A big window with closed blinds looked down on his black desk, which didn’t look like he was a member of the clean-desk club: It was messy with sales reports, pens, three half-filled cups of coffee, sales brochures, and software magazines.
            Griffin was listening to phone messages while scrolling through his email. I tried to read subject lines as fast as I could while he deleted spam. “Hicks Proposal,” “Renwick counter-offer,” “Weekly Sales report,” etc., etc. Nothing titled “Invisibility secrets” or “I know why you killed Jim Carr.”
            A Hispanic man stuck his head through the door. “Hey, Blake, I’m out to meet with Leone. Back in two hours.”
            “Okay.” Griffin didn’t look up. “Close the door, will you?”
            Oh, hell.
            The salesman shut the door, and I was trapped.
            I moved away from the desk and found a bare spot of wall to lean against. My wrist was already trembling from the strain of keeping my fist tight.
            Griffin turned back to his email. He opened the one with a NO SUBJECT subject line:
Garry Angelos is ready to file unless we give him something. What do you want to do? —Ross
            The return email address was rossw@JRTech.
            JRTech. I remembered after a minute. JRTech was the company where one of RoundTen’s programmers had gone two months before, according to Kemp. And also the company Jim Carr wanted to talk about before the baseball bat rose up hit him on the skull. “File” probably meant “lawsuit.” About what?
            Griffin thought for a moment. Then he typed:

Delay until I can get some money together. —BG

            The door opened suddenly. Without a knock, so I didn’t have time to get into position to escape. Jessica Finlay walked in. I guess the CEO didn’t need to knock.
            Griffin stood up fast. “Jessica. What—”
            “Did you sign off on this?” She held out a sheet of paper. I saw the word INVOICE printed across the top.
            He glanced. “Yeah. It comes out of our training budget.”
            “It’s almost all of your budget. Cancel it.” She dropped it on Griffin’s desk. “From now on, anything over $1,000 needs prior approval from me. Or Jeff.”
            Griffin didn’t want to give up easily, though. “If I’m not in charge of my own budget, what am I in charge of?”
            She crossed her arms. “Sales. I just looked at the latest figures. Even if Jim was still—around, we’ll be down eight percent for the quarter.”
            “JRTech is all over us! And morale is down, between Jim and Phil and—”
            “Oh, for Christ’s sake!” Finlay stared at him. “Do these training courses you want to spend so much money on come with a list of excuses? Bring your numbers up, and then we’ll talk about training.”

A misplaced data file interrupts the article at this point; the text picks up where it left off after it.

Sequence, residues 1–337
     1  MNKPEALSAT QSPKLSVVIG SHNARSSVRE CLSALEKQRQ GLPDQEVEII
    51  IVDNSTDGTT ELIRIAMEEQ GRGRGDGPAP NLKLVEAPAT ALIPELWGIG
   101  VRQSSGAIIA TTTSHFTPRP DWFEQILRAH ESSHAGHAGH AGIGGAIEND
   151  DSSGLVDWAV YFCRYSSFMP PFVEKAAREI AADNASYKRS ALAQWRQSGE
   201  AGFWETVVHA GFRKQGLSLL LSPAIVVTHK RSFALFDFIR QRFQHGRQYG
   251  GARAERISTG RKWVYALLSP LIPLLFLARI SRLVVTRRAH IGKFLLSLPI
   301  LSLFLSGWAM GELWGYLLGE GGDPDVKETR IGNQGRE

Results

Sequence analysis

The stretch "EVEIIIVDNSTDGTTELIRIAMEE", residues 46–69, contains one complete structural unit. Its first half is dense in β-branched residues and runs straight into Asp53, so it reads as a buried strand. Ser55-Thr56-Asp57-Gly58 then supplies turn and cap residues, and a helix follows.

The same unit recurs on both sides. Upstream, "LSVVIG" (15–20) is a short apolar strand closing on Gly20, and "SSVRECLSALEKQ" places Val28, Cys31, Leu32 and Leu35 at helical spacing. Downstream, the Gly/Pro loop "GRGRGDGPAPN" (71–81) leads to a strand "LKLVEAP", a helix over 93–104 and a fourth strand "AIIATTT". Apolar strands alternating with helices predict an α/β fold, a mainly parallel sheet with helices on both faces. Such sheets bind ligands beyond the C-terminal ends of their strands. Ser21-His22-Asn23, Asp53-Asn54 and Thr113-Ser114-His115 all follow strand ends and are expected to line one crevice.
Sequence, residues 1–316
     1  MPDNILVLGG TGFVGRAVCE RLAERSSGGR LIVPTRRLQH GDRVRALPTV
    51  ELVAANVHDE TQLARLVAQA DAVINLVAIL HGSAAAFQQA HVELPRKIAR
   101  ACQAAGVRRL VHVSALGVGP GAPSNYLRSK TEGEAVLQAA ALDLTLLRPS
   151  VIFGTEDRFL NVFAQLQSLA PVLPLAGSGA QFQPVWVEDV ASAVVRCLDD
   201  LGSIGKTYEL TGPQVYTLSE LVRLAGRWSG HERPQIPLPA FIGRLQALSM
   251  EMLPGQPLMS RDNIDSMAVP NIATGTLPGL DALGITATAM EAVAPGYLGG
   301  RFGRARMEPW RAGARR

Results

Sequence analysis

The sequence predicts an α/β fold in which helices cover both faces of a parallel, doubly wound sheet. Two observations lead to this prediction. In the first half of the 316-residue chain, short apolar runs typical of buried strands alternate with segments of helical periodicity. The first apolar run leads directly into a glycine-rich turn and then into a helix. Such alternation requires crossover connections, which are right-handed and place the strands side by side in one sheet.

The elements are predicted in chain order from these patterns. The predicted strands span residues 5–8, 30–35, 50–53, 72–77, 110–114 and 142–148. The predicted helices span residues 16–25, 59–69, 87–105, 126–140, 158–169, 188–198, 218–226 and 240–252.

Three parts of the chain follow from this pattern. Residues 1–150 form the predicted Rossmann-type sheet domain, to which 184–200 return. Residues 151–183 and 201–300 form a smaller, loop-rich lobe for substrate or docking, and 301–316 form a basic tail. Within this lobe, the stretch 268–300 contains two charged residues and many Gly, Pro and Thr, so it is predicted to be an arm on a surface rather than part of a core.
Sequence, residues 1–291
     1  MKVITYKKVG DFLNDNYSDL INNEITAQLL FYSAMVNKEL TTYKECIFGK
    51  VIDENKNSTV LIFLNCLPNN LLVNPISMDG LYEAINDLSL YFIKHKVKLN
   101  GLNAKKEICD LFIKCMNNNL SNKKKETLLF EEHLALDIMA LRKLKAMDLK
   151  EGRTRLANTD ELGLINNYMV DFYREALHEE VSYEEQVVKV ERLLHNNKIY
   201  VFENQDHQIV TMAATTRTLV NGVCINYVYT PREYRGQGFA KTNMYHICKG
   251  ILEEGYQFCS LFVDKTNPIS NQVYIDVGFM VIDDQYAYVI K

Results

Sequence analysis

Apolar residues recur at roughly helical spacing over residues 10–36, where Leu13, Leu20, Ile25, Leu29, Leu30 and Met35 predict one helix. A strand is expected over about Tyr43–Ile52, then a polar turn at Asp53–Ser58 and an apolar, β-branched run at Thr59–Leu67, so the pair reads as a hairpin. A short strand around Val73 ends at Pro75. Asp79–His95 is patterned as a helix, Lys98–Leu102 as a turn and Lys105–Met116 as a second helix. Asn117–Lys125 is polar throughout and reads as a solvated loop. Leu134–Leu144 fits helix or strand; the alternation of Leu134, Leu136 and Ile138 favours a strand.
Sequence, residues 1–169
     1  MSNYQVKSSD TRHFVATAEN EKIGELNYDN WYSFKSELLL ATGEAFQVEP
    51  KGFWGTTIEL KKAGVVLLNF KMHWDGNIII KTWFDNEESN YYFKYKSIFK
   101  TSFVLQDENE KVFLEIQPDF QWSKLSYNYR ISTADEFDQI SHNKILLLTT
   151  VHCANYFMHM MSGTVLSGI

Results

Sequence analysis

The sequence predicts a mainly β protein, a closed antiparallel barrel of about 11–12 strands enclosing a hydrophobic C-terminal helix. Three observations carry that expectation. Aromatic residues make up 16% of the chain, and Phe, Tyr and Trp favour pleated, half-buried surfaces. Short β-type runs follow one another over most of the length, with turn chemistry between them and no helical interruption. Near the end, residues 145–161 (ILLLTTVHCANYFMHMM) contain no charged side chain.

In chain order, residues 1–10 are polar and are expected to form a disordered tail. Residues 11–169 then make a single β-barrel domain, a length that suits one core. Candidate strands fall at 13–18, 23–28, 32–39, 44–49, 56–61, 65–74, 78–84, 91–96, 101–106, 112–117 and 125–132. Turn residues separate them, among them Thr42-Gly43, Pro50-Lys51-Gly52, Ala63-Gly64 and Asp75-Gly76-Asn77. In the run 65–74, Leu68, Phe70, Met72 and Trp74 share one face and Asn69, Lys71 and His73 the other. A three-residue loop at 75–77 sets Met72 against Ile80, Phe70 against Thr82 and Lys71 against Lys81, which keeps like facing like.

I made my way close to the door, waiting for her to leave. Griffin sat down behind his desk. “All right.” His face was red. “I’ll get it done.”
            “Good.” Finlay yanked the door open.
            As much as I wanted to get out of there, I forced myself to wait. I wanted to see how Griffin reacted to his boss’s displeasure.
            He sighed, then opened a drawer and pulled out a pint bottle of whiskey. 11:30 in the morning. He took a long drink, capped the bottle and put it away.            
            “Goddamn it,” he whispered.
            Another knock on the door. “What?” Griffin shouted.
            Tina again. “What did Finlay want?”
            “Don’t worry about it.” He pushed his chair back and rubbed his eyes. “Did the cops talk to you?”
            “Yeah. They don’t know anything.
            “Good.” He sighed again. “Do you still have the thing?”
            “Yeah.” She cocked her head, worried. “Do you want it back? I want—”
            “No.” He turned his chair away from her. “Just don’t do anything . . . stupid.”
            “You need to relax.” Tina smiled. “Everyone’s out to lunch. Do you—”
            “Not now!” He yanked the drawer open again. “Just—go sell something, all right?”
            She winked. “Whatever Blakey wants.”
            I managed to dart through the door behind her. My free hand brushed her butt, and she swung around as the door closed. Not suspicious. More . . . eager? I held my breath and edged away from her as the door closed. After a moment she shrugged and made her way to a desk, where she sat down and picked up her phone.
             I thought about listening in on her calls, but I was afraid she’d only be cold-calling prospects for the next half hour. My arm was shaking and my fingers felt numb as ice, and I wasn’t sure I could hold onto the ring much longer.